A conference of European rabbis that will be held in Azerbaijan next month has sparked a divisive debate among European Jewish student groups and Azerbaijani Jewish leadership over the venue due to the recent developments in the Caucasus.
The divisions within the Jewish community over holding the biennial convention of the Conference of European Rabbis (CER) in Baku, in the first such gathering in a Muslim nation, follow the developments in Nagorno-Karabakh. The breakaway Azerbaijani region, which until recently was populated by Armenians, is now depopulated and under complete Azerbaijani control following a lightning military offensive.
“It is with great concern that we raise the question of whether it is ethical and moral for leaders of our Jewish communities to organize and attend this event in Baku, Azerbaijan, amidst such a challenging and controversial geopolitical context,” reads a Sept. 22 letter from the Brussels-based European Union of Jewish Students to the leadership of the Conference of European Rabbis.
The public letter, which expressed “unwavering support with the ethnic Armenians,” over 100,000 of whom have relocated to Armenia, called to relocate the conference.
“Our Jewish values call upon us to stand in solidarity with those facing adversity and to continue advocating for the protection of human rights whenever and wherever they are violated,” the letter, signed by European Union of Jewish Students president Emma Hallali and supported by eight national Jewish student union groups, concludes.
Azerbaijani Jews not consulted
The leaders of the Jewish community in Azerbaijan condemned the letter.
“We must admit our utter surprise at your chosen subject and convenient omission of certain facts,” their Sept. 28 response read. “Strangely, you did not ask us [about it], the Jews of Azerbaijan, the people who have lived here for more than a thousand years in peace and friendship with Azerbaijanis, who consider us brothers.
“We are calling on the European Union of Jewish Students to participate in a dialogue to discuss regional matters without propagandistic narratives, which have nothing in common with the reality,” the response concludes.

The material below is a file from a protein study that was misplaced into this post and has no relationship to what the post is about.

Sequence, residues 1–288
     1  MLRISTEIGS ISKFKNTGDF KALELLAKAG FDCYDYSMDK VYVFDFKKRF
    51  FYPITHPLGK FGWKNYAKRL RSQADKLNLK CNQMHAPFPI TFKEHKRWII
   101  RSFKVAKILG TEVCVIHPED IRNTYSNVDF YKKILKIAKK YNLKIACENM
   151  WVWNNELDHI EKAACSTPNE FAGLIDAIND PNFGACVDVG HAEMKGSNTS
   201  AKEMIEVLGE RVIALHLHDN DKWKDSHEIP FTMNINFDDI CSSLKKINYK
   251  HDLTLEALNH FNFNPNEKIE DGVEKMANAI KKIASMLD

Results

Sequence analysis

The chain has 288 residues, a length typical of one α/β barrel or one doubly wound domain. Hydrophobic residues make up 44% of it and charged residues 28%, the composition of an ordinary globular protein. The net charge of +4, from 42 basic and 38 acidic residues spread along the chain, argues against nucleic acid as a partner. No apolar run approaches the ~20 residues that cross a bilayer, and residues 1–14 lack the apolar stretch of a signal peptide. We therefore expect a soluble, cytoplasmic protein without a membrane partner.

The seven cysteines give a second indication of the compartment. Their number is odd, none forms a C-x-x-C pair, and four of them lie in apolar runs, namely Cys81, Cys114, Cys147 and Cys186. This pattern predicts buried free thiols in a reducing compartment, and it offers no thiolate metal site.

The rebuttal letter was signed by Milikh Yevdayev, the chairman of the Mountain Jewish Community of Azerbaijan; Alexander Sharovsky, the chairman of the Azhkenazi Jewish Community of Azerbaijan; Zamir Isayev, the chairman of the Georgian Jewish Community, Shaul Davidov, the director of the STMEGI-Azerbaijan Foundation of Mountain Jews; and Boris Mushailov, the director of Hillel Azerbaijan.
Similar letters of support for the conference in Baku were sent by the Canadian Foundation for the Education and Welfare of Jews in the CIS, the New York-based Vaad L’Hatzolas Nidchei Yisroel and Hillel of Central Asia and Southeastern Europe.
“There is an accepted rule within the Jewish community that organizations consult with local communities before publishing letters or statements,” the Conference of European Rabbis President Rabbi Pinchas Goldschmidt told JNS on Tuesday. “It seems that EUJS has not reached out to the Jewish community in Azerbaijan.”
The Conference of European Rabbis’ convention, which is expected to be attended by over 500 participants, is scheduled to take place in Baku on Nov. 12-15, at the invitation of Azerbaijan President Ilham Aliyev, who will serve as the honorary host.
The primary Orthodox rabbinical alliance in Europe, the organization unites more than 700 religious leaders from communities across the continent. Founded in 1956, it works to defend the rights of Jews, with freedom of religion and matters related to the Jewish communities expected to be front and center at the conference.
The event also comes amid thriving relations between Israel and Azerbaijan.
The selection of secular Shi’ite Muslim Azerbaijan as the venue is also highly symbolic.
At a time of heightened antisemitism across the globe, Azerbaijan is considered free of such animus with the country’s 30,000 Jews living in harmony with their Muslim neighbors.
Historically, Azerbaijan has been home to three distinct Jewish communities: European Jews, who settled in the area during the late 19th to early 20th centuries, and during World War II; Jews from the former Soviet Republic of Georgia, who settled mainly in Baku during the early part of the 20th century; and Mountain Jews, the largest and most veteran group.
The conference will include a visit to the historic Jewish town of Quba, which was home to Mountain Jews for centuries.